Standards which apply to first article inspection are produced by the following four standards bodies.
The International Organization for Standardization (ISO) is a non-governmental standard-setting organization and the world’s largest designer of voluntary international standards. ISO was formed in 1947 when 25 delegates from countries around the world came together to form an organization “to facilitate the international coordination and unification of industrial standards.”
Headquartered in Switzerland, ISO currently has 165 national members that meet on an annual basis to discuss the organization’s strategic goals. ISO is coordinated by a Central Secretariat, as well as governed by a council comprised of 20 rotating members. ISO’s main focus is to ensure quality, efficiency, and safety by developing world-class standards for products, services, and systems.
ISO has released 19,500 international standards that cover industries such as technology, agriculture, healthcare, etc. ISO has helped create the standards for First Article Inspections to ensure that manufacturing processes world-wide are held to the same specifications.
The International Electrotechnical Commission (IEC) is a non-profit, non-governmental standard-setting organization for all electrical, electronic or electrotechnical technology. IEC was established in 1906 and is today’s leading organization for setting standards for all electrotechnology.
The IEC currently has 82 national committees that form its governing council. In turn, each national committee appoints delegates and experts who participate in developing international electrotechnical standards. IEC is headquartered in Geneva, Switzerland and cooperates with the International Organization for Standardization (ISO) to ensure that their international standards supplement each other well.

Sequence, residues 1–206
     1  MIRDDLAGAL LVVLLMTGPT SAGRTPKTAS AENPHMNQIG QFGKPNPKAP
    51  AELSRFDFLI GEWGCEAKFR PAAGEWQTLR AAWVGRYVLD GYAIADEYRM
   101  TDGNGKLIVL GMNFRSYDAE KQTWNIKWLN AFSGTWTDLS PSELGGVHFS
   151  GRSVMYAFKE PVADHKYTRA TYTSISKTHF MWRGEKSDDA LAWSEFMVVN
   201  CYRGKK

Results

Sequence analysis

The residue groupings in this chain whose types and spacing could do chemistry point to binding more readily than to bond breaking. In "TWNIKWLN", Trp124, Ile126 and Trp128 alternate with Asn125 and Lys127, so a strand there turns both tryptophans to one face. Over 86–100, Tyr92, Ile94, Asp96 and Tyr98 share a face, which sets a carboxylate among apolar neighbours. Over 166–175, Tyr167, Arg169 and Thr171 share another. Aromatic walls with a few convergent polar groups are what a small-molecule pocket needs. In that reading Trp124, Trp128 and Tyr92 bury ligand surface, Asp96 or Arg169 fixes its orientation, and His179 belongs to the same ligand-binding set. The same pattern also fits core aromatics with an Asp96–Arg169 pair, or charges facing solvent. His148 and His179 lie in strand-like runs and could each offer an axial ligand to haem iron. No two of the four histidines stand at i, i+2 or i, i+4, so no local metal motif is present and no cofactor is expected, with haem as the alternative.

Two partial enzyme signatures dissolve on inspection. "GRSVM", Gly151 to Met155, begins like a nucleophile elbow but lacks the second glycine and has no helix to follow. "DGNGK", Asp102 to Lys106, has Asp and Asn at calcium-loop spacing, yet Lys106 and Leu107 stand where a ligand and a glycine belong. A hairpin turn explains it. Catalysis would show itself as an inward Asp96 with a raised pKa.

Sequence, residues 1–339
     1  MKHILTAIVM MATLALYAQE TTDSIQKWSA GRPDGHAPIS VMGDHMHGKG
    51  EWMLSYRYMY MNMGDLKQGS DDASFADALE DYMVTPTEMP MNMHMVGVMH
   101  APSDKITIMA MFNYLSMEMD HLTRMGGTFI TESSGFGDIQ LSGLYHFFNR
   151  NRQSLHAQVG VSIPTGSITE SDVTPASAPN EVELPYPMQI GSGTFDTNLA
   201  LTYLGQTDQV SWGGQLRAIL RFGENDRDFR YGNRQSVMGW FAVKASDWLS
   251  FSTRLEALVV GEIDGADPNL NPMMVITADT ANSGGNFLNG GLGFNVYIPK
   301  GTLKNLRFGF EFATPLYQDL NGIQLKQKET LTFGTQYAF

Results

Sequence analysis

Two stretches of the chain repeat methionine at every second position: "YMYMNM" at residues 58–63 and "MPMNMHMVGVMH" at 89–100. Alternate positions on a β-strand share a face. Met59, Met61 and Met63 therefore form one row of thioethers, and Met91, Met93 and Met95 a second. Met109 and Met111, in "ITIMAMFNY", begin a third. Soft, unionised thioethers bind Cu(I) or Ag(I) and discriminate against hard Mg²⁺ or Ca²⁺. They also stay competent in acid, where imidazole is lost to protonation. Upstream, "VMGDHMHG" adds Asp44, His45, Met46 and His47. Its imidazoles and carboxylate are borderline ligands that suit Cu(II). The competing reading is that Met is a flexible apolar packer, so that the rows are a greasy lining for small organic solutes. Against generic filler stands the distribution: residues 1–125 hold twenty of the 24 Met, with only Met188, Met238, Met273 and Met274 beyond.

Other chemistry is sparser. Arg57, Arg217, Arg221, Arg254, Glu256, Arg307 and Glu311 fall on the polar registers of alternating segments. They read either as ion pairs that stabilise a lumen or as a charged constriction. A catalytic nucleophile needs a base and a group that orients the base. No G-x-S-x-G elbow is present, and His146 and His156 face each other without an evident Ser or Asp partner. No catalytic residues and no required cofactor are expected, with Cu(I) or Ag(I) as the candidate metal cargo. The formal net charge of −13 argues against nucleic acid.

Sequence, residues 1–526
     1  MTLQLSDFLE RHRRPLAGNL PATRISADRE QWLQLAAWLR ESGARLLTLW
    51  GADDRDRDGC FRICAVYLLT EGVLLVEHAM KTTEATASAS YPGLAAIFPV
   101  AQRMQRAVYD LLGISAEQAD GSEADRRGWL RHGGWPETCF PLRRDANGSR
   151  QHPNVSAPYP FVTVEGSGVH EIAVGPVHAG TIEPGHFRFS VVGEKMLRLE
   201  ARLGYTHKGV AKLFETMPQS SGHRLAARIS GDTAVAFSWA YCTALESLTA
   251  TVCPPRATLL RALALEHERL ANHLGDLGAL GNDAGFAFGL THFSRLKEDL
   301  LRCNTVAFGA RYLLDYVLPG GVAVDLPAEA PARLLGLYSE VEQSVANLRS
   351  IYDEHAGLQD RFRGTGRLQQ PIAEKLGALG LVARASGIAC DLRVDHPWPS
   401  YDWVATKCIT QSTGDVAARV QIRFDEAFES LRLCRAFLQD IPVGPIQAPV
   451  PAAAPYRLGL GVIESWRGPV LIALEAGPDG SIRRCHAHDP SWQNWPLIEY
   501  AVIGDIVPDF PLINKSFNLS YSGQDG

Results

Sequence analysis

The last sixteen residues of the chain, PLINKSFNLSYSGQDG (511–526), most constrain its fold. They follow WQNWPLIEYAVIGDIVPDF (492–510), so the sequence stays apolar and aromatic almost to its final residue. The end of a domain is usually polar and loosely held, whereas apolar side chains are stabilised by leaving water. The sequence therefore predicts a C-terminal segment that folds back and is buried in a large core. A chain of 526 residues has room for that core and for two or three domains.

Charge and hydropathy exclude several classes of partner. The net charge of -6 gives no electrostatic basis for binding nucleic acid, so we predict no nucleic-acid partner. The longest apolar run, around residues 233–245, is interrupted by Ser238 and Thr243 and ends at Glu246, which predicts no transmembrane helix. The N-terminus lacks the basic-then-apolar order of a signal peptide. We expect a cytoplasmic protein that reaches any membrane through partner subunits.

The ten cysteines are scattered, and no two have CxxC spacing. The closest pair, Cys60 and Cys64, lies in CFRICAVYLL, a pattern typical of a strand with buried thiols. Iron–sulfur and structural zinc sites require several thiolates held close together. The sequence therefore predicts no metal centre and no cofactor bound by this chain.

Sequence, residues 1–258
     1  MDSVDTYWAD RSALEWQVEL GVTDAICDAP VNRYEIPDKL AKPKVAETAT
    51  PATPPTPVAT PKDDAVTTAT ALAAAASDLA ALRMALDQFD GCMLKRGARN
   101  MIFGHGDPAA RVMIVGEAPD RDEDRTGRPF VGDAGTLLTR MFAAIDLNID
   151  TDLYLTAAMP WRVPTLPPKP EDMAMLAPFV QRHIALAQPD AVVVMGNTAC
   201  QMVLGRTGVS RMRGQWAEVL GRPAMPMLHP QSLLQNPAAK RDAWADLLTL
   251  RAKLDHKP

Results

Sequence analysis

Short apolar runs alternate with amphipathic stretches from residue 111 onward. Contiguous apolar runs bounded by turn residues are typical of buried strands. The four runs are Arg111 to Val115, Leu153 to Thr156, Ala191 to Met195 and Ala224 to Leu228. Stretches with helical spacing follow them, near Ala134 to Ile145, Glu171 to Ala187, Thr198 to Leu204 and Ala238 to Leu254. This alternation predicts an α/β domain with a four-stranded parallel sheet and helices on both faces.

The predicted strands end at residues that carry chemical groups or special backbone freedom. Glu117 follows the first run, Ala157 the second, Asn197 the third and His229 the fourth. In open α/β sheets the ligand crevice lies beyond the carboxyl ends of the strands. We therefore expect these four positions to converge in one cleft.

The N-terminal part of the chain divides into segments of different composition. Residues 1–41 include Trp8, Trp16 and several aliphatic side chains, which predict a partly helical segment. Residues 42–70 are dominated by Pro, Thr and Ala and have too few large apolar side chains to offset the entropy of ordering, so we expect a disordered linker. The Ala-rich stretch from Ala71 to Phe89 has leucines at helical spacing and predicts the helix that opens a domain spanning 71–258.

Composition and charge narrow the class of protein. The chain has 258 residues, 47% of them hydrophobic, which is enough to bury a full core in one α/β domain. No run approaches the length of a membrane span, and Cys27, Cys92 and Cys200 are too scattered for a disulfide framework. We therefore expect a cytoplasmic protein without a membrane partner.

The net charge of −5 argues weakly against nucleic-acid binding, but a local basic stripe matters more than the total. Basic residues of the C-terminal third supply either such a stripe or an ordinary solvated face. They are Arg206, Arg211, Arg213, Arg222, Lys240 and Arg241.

Over 10,000 experts from government, industry, commerce, and consumer groups work in IEC Standardization work. IEC has helped develop standards for First Article Inspections to ensure that the electrotechnical side of manufacturing processes worldwide is held to the same specifications of quality, efficiency, and safety.
The International Accreditation Forum (IAF) is an international association of Conformity Assessment Accreditation bodies that focus on conformity assessments in fields such as management systems, products, services, personnel, etc. IAF was established with the intent of developing a singular program for conformity assessment internationally.
The IAF is governed by IAF member countries that lay down governing policies for IAF. The Board of Directors and the Secretary of the IAF are responsible for legal actions, as well as creating policy directions for the IAF. The two main functions the IAF performs are to ensure that its accreditation bodies accrediting those who are competent and hold no conflict of interests, and to establish multilateral recognition arrangements (MLAs) that ensure mutual recognition of accredited bodies. These functions ensure that a single conformity assessment system is formed internationally.
IAF has helped form standards for First Article Inspections to ensure that international specifications for conformity assessment are consistent worldwide.
The International Laboratory Accreditation Cooperation (ILAC) began as a conference in 1977 with the intent of creating international cooperation for facilitating trade through the promotion of laboratory and inspection accreditation. It wasn’t until 1996 that the ILAC became an official cooperation to establish mutual recognition agreements for accreditation bodies in an effort to form an international network.
Today, ILAC is comprised of 36 members from laboratory accreditation bodies worldwide. The main purpose of accreditation bodies is to ensure that conformity assessment bodies are subject to oversight. With the help of international standards, this function helps reduce technical barriers in international trade because foreign governments and other bodies can trust calibration and test results, inspection reports and certifications.
The ILAC has helped form standards for First Article Inspections in order that foreign governments can trust the products and services we wish to trade with them.